Hot Romantic Intrigue in “The Handmaiden”
By Skip Sheffield
“The Handmaiden” is a kind of Asian Masterpiece Theatre filled with intrigue, twists, sumptuously beautiful sets, costumes and a healthy dollop of torrid girl-on-girl sex.
If that got your attention, read on. The story is set in Korea in the 1930s during the brutal Japanese occupation. The handmaiden of the title is Sook-Hee (Kim Tae-Vi), a bright and pretty orphaned Korean girl who got her education in the streets as a pickpocket. Sook-Hee is recruited by a con man who calls himself Count Fujiwara (Jung-Woo Ha). The bogus Japanese Count wants Sook-Hee to become handmaiden to the beautiful, lonely heiress named Lady Hideko, who is legitimate Japanese royalty and quite wealthy. Count Fujiwara wants Sook-Hee to ingratiate herself with Lady Hideko so that she may plant seeds of desire in the lady for the alleged Count. Then Fujiwara would sweep in, sweep Lady Hideko off her feet, marry her, then have her declared mad and committed to an asylum so he can steal her fortune. But first he must get past Hideko’s controlling Uncle Kouzuki (Jin-wong Jo), who has his own designs on her fortune.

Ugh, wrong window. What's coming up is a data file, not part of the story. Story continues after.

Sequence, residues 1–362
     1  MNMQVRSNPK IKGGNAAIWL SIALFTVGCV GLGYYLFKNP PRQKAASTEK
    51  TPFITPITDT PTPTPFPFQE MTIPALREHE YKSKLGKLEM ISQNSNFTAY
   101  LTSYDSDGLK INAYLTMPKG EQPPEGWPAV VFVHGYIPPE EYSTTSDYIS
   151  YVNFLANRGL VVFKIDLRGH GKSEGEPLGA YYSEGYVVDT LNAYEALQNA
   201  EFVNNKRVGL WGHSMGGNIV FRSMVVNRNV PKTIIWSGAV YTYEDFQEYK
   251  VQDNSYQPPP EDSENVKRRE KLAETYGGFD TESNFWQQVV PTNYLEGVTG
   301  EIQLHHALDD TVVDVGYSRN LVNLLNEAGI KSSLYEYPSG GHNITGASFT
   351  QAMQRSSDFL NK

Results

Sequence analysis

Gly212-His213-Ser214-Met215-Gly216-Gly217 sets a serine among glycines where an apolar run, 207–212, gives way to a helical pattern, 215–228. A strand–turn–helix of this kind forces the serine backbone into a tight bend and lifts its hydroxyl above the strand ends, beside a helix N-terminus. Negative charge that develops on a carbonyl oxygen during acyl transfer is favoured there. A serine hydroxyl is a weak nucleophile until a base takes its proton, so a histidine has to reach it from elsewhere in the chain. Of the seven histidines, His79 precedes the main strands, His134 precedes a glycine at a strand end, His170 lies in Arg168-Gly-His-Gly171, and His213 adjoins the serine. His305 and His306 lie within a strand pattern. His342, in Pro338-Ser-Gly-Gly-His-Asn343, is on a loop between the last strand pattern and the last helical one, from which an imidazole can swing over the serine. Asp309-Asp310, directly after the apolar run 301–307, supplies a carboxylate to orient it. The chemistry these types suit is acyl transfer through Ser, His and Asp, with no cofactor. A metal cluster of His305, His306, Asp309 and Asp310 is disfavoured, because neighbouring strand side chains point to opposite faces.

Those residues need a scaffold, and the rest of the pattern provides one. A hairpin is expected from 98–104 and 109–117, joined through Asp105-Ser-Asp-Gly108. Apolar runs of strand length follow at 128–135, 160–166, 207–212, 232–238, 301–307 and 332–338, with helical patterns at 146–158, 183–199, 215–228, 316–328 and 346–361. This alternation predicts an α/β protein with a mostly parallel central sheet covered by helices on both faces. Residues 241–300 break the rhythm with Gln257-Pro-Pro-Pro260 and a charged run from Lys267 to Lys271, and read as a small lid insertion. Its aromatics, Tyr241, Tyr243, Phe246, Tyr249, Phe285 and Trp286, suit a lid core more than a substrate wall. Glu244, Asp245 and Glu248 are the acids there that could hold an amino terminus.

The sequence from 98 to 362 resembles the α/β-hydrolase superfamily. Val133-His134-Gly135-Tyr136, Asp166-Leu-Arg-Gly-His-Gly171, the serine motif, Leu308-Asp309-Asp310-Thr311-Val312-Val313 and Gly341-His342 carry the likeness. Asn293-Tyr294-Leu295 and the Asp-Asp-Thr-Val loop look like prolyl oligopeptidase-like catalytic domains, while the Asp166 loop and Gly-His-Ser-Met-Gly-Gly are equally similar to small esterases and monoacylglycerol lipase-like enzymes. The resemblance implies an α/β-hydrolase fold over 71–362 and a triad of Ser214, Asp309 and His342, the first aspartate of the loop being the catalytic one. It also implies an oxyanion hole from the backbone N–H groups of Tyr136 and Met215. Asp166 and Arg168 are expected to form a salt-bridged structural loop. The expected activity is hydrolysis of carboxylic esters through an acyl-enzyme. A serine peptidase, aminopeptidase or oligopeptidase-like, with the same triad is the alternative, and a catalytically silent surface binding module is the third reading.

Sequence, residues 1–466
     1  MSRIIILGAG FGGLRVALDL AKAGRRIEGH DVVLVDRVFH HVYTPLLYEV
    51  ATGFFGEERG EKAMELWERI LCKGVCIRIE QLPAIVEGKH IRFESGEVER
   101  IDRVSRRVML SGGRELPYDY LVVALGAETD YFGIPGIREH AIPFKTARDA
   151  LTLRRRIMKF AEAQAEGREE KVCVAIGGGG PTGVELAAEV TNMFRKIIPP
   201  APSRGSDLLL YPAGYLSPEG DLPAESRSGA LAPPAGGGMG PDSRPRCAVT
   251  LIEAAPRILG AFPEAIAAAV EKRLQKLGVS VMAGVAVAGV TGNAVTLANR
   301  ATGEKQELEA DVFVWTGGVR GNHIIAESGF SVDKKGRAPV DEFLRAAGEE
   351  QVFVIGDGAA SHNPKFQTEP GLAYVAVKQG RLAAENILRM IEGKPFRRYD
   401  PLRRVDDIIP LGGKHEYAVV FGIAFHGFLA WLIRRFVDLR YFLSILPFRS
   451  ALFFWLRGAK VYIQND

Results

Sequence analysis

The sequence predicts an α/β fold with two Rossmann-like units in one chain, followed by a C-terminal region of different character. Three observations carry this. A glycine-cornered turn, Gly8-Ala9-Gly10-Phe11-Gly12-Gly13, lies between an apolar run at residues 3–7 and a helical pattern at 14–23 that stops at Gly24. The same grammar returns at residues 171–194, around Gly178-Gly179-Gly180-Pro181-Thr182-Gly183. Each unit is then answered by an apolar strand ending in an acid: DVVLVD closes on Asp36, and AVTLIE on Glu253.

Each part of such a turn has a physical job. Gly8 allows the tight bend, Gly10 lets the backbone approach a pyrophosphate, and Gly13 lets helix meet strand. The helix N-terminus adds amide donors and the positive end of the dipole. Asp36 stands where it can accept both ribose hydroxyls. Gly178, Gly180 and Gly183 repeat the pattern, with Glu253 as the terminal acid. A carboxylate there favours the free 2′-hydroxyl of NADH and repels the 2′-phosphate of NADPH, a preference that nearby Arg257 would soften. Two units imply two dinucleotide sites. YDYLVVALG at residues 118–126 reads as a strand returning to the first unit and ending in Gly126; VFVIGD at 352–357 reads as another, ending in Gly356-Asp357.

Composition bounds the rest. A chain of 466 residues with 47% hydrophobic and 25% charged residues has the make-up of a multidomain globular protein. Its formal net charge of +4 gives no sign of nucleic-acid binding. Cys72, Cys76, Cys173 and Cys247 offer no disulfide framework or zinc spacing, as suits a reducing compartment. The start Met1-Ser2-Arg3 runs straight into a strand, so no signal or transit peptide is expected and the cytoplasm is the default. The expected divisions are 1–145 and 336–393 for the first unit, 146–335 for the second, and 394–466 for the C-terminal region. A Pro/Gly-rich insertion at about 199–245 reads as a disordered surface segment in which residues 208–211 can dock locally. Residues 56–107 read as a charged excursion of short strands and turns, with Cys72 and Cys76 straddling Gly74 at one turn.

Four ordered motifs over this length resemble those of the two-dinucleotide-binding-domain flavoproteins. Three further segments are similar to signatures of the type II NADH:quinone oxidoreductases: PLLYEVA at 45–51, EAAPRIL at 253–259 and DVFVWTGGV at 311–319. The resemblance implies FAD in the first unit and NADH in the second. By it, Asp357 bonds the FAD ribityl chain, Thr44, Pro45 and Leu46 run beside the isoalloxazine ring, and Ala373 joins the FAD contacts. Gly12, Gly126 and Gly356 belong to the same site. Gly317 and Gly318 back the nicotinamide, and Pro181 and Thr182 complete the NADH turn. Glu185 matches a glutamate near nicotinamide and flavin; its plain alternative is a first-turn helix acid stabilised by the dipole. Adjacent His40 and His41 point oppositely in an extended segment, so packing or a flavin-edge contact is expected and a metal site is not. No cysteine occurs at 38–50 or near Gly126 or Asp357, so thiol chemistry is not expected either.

Count Fujiwara is a villain of the lowest sort, so when his plan goes off the rails, it is quite satisfying.
Director Chan Wook Park co-wrote the screenplay, based on Sarah Waters’ 2002 novel “Fingersmith.” He previously directed the violent, intriguing “Oldboy” and “Lady Vengeance.” “The Handmaiden” is in both Korean and Japanese. To help keep things straight, the Japanese subtitles are in yellow. Be prepared to invest some time. The movie is two hours 24 minutes long. This movie could be considered a feminist triumph, Korean-style. I have been to both Korea and Japan, and I know the cultures are quite different. Let’s just say the Koreans are a lot more hot-blooded. It doesn’t get much hotter than when the women turn the tables on the scheming men.